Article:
The enterprise has come to rely on the cloud for an increasing share of its mission-critical workloads. This means cloud infrastructure needs to be available and reliable as never before.
But there is a disconnect of sorts as to who is responsible for what when it comes to uptime, or even what to do when infrastructure fails and business activity comes to a halt.
A recent survey by Vanson Bourne commissioned by cloud management firm Veritas found that nearly 70 percent of enterprises believe that functions like data protection, data privacy and compliance are the responsibility of the cloud provider. This may come as a surprise to providers, many of whom state explicitly in their service agreements that responsibility for data management falls on their customers’ shoulders. At best, downtime is compensated in the form of reduced rates or free service periods in ensuing weeks or months, but making up for lost data or lost sales is unheard of.
But while the cloud is viewed as a fairly safe alternative to traditional infrastructure, mainly through its ability to shift workloads and mirror data to alternate sites with relative ease, failures do occur. And as the Uptime Institute’s Matt Stansberry and Lee Kirby note, this is not always due to unforeseen circumstances or unlucky, random occurrences. For one thing, the vast majority of outages are due to highly predictable events like hardware failure and human error – things that the IT industry should have solved years ago. Whether it is a blown circuit or a mistyped keystroke, the fact that these minor issues are allowed to cascade into significant, durable outages is a failure of management, not technology nor personnel.
Sometimes, the very systems that are intended to safeguard critical infrastructure cause outages simply by working exactly as they are designed to. A case in point is the recent shutdown of Azure infrastructure in Europe, which was initially triggered by a release of flame retardant during a routine test. This triggered an automatic shutdown of air-handling units that in turn caused data equipment to power down due to rising temperatures. Service was down for about seven hours, although customers who signed up for Microsoft’s Availability Sets feature retained access to isolated hardware clusters that were not affected.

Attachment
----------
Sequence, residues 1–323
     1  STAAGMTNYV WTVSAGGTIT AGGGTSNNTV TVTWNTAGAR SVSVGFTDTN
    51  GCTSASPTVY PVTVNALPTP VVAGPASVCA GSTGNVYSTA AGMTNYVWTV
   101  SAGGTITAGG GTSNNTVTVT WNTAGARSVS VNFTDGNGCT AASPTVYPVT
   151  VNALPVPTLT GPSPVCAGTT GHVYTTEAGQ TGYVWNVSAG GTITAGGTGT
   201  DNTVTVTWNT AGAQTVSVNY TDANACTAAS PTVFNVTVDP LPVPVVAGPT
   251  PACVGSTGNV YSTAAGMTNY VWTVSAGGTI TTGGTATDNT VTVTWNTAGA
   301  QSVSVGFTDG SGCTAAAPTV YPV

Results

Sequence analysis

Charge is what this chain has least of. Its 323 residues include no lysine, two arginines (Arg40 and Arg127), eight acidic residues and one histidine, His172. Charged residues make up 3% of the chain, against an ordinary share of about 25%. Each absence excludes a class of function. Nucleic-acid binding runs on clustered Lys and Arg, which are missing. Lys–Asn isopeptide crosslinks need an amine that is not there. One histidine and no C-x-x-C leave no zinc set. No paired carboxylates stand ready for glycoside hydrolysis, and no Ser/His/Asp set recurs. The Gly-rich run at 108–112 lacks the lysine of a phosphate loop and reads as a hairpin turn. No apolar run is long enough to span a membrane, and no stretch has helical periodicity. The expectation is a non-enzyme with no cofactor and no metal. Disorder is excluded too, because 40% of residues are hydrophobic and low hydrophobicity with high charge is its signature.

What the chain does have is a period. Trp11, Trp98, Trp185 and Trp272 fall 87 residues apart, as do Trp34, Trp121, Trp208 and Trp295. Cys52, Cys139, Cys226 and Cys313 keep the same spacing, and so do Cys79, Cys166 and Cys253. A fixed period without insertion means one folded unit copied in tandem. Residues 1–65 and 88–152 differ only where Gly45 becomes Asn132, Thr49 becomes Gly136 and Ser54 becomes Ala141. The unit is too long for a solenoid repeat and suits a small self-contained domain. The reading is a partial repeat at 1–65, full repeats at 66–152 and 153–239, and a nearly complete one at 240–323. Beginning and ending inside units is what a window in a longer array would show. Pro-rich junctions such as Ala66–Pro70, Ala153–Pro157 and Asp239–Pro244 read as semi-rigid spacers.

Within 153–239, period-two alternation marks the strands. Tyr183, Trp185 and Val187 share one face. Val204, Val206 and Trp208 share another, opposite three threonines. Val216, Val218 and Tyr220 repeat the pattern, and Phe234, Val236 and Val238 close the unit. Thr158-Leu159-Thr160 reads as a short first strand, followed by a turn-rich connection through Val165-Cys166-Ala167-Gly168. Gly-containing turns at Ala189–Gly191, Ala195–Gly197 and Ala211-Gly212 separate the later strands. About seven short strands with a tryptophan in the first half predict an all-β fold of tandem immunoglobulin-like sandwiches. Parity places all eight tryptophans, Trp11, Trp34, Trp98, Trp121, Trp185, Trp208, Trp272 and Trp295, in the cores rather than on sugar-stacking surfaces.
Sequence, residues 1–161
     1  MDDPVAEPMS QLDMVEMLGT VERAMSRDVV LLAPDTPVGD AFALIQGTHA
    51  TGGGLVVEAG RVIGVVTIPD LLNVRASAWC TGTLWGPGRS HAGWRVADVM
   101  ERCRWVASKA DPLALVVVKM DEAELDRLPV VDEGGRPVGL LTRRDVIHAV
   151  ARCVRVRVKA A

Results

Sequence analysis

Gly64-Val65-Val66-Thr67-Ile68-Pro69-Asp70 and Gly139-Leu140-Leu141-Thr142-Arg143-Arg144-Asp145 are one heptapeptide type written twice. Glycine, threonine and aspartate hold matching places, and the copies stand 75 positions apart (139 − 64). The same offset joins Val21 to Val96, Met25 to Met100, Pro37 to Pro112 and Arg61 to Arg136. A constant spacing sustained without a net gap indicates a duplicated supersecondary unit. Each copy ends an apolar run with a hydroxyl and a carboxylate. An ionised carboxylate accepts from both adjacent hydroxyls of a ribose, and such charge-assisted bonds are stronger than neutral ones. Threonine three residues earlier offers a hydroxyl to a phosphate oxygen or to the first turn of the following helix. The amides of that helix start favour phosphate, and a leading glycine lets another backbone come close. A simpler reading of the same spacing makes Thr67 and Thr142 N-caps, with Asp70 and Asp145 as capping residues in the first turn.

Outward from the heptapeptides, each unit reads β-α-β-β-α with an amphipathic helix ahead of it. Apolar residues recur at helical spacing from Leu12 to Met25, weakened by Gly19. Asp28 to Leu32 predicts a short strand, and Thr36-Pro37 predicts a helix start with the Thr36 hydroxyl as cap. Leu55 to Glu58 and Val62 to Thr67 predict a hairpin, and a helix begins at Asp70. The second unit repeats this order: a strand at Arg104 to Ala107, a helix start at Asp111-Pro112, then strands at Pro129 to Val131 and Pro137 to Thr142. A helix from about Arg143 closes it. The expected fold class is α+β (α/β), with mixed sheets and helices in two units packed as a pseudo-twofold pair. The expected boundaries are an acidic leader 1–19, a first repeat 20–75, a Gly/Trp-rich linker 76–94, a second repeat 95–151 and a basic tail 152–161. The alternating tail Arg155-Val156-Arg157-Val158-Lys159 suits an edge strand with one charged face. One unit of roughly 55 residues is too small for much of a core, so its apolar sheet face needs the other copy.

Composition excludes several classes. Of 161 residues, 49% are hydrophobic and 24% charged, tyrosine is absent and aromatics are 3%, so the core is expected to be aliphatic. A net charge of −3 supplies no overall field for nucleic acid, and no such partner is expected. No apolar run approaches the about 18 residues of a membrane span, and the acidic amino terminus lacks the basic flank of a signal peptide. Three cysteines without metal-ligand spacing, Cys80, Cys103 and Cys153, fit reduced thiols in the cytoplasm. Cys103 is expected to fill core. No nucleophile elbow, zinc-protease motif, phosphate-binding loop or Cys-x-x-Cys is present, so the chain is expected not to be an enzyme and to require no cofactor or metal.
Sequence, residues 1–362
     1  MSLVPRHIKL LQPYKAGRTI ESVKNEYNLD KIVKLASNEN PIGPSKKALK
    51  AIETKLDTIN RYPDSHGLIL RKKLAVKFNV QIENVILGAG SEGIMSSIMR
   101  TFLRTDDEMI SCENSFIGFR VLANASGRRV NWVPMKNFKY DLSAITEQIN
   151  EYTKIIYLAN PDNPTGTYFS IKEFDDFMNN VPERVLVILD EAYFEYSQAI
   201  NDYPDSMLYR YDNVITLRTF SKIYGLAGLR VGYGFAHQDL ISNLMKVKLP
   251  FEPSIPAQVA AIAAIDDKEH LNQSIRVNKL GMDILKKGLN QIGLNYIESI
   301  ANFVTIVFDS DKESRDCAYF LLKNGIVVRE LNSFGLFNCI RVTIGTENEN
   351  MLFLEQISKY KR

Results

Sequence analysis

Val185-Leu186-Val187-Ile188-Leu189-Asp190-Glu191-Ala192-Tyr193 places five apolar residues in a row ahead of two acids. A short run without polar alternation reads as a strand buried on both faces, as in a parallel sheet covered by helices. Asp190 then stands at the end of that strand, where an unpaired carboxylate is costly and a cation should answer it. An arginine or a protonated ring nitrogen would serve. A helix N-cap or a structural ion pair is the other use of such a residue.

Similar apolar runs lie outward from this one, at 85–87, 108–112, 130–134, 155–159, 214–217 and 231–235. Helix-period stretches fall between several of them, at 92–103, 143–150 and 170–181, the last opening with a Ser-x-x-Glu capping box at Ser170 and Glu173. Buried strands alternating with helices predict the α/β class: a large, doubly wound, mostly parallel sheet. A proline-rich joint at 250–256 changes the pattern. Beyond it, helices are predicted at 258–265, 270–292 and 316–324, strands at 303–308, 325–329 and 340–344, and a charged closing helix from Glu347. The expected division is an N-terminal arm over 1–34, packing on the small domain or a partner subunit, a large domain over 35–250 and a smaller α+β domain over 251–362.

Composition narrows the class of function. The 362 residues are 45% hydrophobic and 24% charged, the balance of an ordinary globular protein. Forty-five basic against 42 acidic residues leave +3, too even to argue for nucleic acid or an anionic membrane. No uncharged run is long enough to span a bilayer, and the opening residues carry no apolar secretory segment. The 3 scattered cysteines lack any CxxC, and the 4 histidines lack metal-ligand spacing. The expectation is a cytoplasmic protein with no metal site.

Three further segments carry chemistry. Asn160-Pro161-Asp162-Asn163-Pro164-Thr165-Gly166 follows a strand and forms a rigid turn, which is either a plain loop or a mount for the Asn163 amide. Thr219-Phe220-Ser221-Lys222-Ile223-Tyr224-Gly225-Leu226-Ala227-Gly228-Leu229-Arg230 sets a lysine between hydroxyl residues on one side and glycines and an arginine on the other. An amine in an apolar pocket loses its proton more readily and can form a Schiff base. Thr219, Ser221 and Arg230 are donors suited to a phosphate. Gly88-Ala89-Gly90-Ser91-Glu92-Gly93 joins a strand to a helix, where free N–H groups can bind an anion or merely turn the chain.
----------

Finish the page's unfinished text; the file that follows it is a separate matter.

This is evidence that the cloud’s ability to improve disaster recovery can benefit both on-premises and cloud-based infrastructure, but only if the enterprise manages it in a continuous, proactive manner. ISG consultant Dr. Cindy LaChapelle notes that organizations with a “set it and forget it” mentality when it comes to DR often place themselves in an even worse position than those with no DR program at all: a false sense of security that their outdated system offers adequate protection. To get it right, organizations need to view DR as an operational mandate, with constant testing and adjustments to ensure both local and third-party infrastructure can provide failover with minimal downtime.
Of course, cloud providers are responsible for their infrastructure and ensuring that resources are there when you need them. But when the inevitable outage occurs – and surveys indicate this should happen less frequently in the cloud than on traditional infrastructure – the enterprise is still responsible for maintaining IT services to its users.
When mission-critical data is on the line, it is the enterprise mission that is most vulnerable, not the cloud provider’s.
Arthur Cole writes about infrastructure for IT Business Edge. Cole has been covering the high-tech media and computing industries for more than 20 years, having served as editor of TV Technology, Video Technology News, Internet News and Multimedia Weekly. His contributions have appeared in Communications Today and Enterprise Networking Planet and as web content for numerous high-tech clients like TwinStrata and Carpathia. Follow Art on Twitter @acole602.